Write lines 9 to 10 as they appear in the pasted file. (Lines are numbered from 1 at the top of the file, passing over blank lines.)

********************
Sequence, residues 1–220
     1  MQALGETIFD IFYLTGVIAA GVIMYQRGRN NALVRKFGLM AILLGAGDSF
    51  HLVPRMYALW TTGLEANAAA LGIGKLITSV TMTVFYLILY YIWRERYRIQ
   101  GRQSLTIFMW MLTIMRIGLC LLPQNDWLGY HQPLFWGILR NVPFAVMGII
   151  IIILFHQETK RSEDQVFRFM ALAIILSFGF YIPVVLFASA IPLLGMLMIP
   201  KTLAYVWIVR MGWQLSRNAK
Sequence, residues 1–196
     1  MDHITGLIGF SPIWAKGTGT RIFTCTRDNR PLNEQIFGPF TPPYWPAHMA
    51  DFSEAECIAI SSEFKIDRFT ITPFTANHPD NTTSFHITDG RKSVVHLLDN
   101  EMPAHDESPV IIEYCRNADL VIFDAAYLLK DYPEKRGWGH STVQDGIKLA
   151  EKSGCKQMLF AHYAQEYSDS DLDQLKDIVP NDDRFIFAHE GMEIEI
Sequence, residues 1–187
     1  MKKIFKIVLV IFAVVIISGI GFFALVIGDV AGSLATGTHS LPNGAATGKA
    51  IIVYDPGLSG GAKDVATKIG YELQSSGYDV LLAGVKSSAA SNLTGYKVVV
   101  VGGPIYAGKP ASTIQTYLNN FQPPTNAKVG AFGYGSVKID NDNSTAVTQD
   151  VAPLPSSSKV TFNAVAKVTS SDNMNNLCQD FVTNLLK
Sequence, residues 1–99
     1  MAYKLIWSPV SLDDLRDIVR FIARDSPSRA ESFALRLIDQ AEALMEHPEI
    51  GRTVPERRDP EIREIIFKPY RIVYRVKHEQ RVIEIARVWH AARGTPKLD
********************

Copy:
    51  DFSEAECIAI SSEFKIDRFT ITPFTANHPD NTTSFHITDG RKSVVHLLDN
   101  EMPAHDESPV IIEYCRNADL VIFDAAYLLK DYPEKRGWGH STVQDGIKLA